Environment
On June 5, a little over 800 trees was axed without the knowledge of the district administration in 80 acres of private land in Galibeedu in Kodagu.

A forest official in Karnataka's Kodagu district was suspended a week after the issue of over 800 trees being axed on private land came to light.

Deputy Conservator of Forest, Madikeri division, ML Manjunath, was suspended on Friday. Until a replacement for Manjunath is announced, Maria Christu Raju, DCF, Virajpet division will take up the additional responsibility of acting DCF in the division.

On June 5, over 800 trees were axed without the knowledge of the district administration on 80 acres of private land in Galibeedu in Kodagu. 

The private land is owned by a businessman from Andhra Pradesh. No conversion or axing of trees is allowed in these lands without the permission of the Forest department. The land was also 'bane' land or forest land where only the growth of trees are allowed.

However, despite the rules, the district administration found that the businessman had colluded with Manjunath to obtain permission for axing the trees.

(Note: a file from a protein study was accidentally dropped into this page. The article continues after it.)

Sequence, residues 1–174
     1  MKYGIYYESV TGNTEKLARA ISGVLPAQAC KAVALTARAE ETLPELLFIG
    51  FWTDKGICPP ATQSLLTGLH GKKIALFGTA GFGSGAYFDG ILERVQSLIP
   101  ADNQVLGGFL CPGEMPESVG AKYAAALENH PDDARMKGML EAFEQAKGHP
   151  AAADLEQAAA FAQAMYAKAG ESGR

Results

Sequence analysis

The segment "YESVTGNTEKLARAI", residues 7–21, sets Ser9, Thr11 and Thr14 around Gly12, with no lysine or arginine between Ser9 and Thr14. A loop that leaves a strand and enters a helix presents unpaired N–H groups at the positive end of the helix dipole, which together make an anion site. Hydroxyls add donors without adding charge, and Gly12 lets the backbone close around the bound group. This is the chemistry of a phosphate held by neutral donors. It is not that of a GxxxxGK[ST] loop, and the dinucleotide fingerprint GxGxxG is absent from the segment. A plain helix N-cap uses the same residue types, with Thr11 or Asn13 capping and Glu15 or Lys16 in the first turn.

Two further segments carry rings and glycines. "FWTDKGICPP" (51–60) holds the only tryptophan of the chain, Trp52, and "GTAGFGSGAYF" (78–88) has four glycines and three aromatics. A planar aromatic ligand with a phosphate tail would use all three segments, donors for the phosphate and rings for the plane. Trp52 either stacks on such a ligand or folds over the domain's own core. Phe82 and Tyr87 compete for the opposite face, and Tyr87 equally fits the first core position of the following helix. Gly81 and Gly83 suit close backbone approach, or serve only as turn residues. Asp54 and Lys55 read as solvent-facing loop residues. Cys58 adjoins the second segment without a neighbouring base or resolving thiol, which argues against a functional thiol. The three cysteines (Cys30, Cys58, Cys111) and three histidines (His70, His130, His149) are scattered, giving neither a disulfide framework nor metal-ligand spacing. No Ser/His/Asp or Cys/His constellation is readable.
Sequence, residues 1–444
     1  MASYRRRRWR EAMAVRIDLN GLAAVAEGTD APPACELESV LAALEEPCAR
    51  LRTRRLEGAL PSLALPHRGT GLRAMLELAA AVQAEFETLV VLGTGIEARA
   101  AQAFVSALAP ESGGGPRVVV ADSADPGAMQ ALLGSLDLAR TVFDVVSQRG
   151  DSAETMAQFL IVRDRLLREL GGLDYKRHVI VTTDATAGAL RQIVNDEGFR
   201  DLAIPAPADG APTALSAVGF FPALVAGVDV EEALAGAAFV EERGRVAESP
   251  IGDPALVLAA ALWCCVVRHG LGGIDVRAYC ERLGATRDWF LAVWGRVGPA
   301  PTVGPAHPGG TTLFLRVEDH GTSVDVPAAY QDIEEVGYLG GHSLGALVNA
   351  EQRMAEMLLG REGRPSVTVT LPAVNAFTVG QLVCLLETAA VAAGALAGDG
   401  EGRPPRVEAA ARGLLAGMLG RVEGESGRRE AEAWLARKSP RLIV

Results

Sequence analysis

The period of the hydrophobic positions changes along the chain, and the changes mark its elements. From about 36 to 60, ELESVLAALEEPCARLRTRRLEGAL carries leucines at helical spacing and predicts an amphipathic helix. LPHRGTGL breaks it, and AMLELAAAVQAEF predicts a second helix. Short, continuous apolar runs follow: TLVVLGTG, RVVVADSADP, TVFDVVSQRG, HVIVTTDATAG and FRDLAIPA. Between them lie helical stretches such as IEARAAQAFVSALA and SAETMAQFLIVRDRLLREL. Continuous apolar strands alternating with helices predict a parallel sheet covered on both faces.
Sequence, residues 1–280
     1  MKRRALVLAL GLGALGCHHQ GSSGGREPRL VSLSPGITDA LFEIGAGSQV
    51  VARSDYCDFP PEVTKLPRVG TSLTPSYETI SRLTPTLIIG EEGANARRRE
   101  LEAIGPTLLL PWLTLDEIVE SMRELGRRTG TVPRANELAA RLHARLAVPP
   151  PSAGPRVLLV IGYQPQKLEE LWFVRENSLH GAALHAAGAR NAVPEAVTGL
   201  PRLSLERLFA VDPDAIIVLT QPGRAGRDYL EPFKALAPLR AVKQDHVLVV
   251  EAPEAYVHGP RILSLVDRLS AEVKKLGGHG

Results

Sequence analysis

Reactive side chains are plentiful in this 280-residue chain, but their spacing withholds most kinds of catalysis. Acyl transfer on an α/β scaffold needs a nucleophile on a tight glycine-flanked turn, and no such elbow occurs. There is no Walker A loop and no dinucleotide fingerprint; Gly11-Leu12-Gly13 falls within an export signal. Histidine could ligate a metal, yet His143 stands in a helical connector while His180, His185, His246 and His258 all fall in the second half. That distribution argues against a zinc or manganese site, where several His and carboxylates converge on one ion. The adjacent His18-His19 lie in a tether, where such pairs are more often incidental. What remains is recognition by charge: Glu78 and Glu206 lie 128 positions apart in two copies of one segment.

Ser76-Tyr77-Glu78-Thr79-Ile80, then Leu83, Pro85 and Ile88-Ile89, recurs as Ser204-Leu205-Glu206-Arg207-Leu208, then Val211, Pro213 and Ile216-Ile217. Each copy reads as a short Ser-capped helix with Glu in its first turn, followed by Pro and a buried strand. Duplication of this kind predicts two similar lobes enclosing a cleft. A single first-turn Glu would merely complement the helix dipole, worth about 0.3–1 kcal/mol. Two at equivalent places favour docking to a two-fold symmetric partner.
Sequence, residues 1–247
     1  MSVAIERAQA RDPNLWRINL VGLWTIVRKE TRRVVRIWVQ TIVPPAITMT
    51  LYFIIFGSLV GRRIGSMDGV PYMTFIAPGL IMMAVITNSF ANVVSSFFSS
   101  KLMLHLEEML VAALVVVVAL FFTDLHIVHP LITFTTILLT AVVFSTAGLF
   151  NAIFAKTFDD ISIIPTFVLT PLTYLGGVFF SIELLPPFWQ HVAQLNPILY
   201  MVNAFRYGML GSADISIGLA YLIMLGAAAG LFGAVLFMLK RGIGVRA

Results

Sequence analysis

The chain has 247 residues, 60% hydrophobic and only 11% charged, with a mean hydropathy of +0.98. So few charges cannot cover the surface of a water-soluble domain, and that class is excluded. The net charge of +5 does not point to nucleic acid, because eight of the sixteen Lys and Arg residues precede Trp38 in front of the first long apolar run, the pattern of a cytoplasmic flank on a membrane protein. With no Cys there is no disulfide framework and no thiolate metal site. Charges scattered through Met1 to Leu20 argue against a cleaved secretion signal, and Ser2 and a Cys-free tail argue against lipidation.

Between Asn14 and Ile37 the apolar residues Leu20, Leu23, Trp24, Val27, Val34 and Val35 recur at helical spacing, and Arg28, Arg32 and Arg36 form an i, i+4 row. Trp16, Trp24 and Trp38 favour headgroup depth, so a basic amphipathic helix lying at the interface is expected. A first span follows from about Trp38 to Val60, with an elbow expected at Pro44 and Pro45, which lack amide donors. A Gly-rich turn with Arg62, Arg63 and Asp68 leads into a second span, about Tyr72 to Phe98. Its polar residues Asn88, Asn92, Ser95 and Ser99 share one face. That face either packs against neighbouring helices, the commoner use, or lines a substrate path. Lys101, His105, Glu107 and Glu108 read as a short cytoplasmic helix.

Kodagu Deputy Commissioner Annies Kanmani Joy confirmed that permission was not given for cutting the trees. "We ordered a revenue inspector to inspect the site and prepared a report after information about the tree cutting was published in media outlets. The axing of trees in Galibeedu area has now been stopped," the DC confirmed.

Two days after the issue came to light, Karnataka Chief Minister HD Kumaraswamy also ordered a report to be prepared on the incident and confirmed that no trees would be axed without permission.

Manjunath had come under fire in recent weeks after the farmers from the Karnataka Raita Sangha held a protest singling him out for releasing an elephant captured in Somwarpet taluk of the district at Nagarahole forest range in Mysuru. The protesting farmers were up in arms about the decision to allow the elephant to be released in areas close to where crops were being grown. 

The news of the axing of trees comes amid a ban on conversion of land for commercial purposes in the hilly district. The ban has been in place since November 2018 and was imposed in the district following the floods and landslides last year. Since the start of 2019, the district administration has rejected over 700 applications to convert land for commercial purposes.

Only small landowners with up to 20 cents of land in non-vulnerable areas of the district have been allowed to convert land for building individual houses.